Hong Kong's Apple Daily newspaper says it may shut down
Hong Kong — Hong Kong’s embattled pro-democracy newspaper Apple Daily reported Monday that its board of directors has asked authorities to unfreeze some assets so it can pay salaries and avoid labor violations, and that the board will meet again on Friday to decide if the newspaper will cease operations.
Police last week arrested five top editors and executives of Apple Daily under the city's tough national security law on suspicion of foreign collusion, searched its offices and froze $2.3 million worth of assets of three companies linked to the newspaper.
The arrests and freezing of assets came as Hong Kong authorities crack down on dissenting voices as Beijing tightens control over the territory in what critics say is an erosion of freedoms it promised the city for 50 years when the former British colony was handed over to China in 1997.
Apple Daily has been outspoken in defending Hong Kong’s freedoms, and in recent years has often criticized the Chinese and Hong Kong governments for limiting the city's democratic freedoms as well as constricting the rights of free speech and assembly not found on mainland China.
Apple Daily said in an article on its website on Monday that if its board decides on Friday to cease operations of the newspaper, its website could stop publishing as soon as early Saturday morning, and Saturday’s print edition of the newspaper would be its last.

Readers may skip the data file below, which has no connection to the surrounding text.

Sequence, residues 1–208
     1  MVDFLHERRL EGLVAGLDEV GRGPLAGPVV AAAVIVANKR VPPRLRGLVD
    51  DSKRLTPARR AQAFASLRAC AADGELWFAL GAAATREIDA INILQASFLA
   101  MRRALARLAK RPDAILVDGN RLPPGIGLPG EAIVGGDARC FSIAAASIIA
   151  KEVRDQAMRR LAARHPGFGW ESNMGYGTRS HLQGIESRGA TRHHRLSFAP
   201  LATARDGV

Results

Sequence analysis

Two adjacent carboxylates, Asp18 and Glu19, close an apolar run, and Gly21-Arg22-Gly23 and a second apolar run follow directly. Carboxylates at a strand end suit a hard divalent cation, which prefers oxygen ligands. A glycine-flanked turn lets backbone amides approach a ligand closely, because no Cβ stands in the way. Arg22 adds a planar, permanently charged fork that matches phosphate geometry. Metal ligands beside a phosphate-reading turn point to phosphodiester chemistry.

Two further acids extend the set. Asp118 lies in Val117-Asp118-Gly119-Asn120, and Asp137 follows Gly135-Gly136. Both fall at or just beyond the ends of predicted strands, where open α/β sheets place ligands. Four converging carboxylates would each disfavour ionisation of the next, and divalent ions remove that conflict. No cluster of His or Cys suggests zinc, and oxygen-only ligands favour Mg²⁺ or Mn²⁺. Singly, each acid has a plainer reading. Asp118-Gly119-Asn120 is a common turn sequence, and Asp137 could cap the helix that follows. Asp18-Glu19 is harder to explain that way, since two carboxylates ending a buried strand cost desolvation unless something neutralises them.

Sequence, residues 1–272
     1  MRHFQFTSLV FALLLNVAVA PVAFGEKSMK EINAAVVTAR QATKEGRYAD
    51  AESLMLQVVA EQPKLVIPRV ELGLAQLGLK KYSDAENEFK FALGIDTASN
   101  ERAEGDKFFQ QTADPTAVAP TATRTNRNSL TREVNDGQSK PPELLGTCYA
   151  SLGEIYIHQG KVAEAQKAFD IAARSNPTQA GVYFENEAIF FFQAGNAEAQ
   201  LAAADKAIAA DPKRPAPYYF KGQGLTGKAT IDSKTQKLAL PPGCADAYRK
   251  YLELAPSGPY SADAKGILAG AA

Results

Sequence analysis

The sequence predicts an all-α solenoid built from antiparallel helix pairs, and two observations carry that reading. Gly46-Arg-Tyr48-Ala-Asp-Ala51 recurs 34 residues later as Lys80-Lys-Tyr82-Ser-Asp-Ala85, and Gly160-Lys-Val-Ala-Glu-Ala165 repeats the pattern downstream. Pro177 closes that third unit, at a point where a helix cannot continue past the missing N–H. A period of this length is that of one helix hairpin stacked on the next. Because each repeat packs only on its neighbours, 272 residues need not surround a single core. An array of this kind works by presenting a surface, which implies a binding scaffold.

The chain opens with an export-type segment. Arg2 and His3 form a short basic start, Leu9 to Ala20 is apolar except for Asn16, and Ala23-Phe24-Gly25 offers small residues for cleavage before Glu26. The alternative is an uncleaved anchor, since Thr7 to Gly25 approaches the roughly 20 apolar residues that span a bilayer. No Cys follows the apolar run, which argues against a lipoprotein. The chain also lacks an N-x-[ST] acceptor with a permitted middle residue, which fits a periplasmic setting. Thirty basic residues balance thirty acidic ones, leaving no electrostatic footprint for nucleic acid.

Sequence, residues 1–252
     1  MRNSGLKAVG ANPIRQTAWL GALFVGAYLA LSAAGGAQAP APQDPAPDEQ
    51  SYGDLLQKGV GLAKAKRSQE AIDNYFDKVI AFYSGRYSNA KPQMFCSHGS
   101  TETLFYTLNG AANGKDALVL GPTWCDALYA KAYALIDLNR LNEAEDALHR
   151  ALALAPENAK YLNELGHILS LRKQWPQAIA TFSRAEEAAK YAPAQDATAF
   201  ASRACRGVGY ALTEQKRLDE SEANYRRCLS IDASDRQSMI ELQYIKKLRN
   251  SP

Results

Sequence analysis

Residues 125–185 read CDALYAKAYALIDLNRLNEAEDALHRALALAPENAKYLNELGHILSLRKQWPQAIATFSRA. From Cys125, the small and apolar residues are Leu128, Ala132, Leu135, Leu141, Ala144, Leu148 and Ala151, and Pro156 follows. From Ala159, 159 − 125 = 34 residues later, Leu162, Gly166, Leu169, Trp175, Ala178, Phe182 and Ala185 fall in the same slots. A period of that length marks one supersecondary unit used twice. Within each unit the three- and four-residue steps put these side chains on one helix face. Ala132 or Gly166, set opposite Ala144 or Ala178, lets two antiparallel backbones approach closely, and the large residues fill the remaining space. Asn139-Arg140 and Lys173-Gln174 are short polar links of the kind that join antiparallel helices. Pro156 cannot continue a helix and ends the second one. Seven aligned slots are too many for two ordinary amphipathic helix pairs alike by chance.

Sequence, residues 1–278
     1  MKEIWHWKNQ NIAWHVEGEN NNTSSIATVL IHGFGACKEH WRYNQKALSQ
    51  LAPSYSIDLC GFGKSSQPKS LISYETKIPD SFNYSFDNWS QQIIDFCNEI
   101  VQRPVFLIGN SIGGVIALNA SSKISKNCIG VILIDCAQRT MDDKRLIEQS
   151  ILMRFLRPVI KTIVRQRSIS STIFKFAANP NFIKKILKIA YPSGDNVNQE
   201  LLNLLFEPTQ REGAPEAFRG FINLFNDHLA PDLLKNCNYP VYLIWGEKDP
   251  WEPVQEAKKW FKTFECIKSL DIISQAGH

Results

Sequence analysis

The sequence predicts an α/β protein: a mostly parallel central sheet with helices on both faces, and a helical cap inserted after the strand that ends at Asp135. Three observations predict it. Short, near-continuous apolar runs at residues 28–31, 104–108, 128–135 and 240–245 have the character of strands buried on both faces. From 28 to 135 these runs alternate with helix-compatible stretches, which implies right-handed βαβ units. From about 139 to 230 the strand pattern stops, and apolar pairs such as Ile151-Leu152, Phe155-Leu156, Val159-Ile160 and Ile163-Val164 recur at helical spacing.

An internal department memo sent to some employees at Apple Daily also stated that those who wish to resign immediately could do so.
Apple Daily said in an article on Sunday that it may challenge the decision to freeze its assets in court if the city’s Security Bureau denies its request.
The Security Bureau said it would not comment on the details of the case because legal proceedings were ongoing. It said endangering national security is a “very serious crime.”
“We handle such crimes according to the law, targeting at illegal acts, and invoke the power to freeze offense-related properties based on need and the law,” the bureau said in an English-language statement. “Secretary for Security will handle in accordance with the law any application related to the frozen property.”
Last week, police identified over 30 articles published by Apple Daily that they said played a “crucial” role in a conspiracy with foreign countries to impose sanctions against China and Hong Kong for undermining Hong Kong's autonomy.
The newspaper’s founder, media tycoon Jimmy Lai, was convicted earlier this year for his involvement in unauthorized assemblies and is currently in jail. Two of the five people arrested last week have also been charged with collusion with foreign countries.
The police operation against Apple Daily has drawn criticism from the U.S. and Britain, which say Hong Kong and Chinese authorities are targeting the city’s promised freedoms.
Chinese and Hong Kong officials have insisted that the media must abide by the law, and that press freedom cannot be used as a “shield” for illegal activities.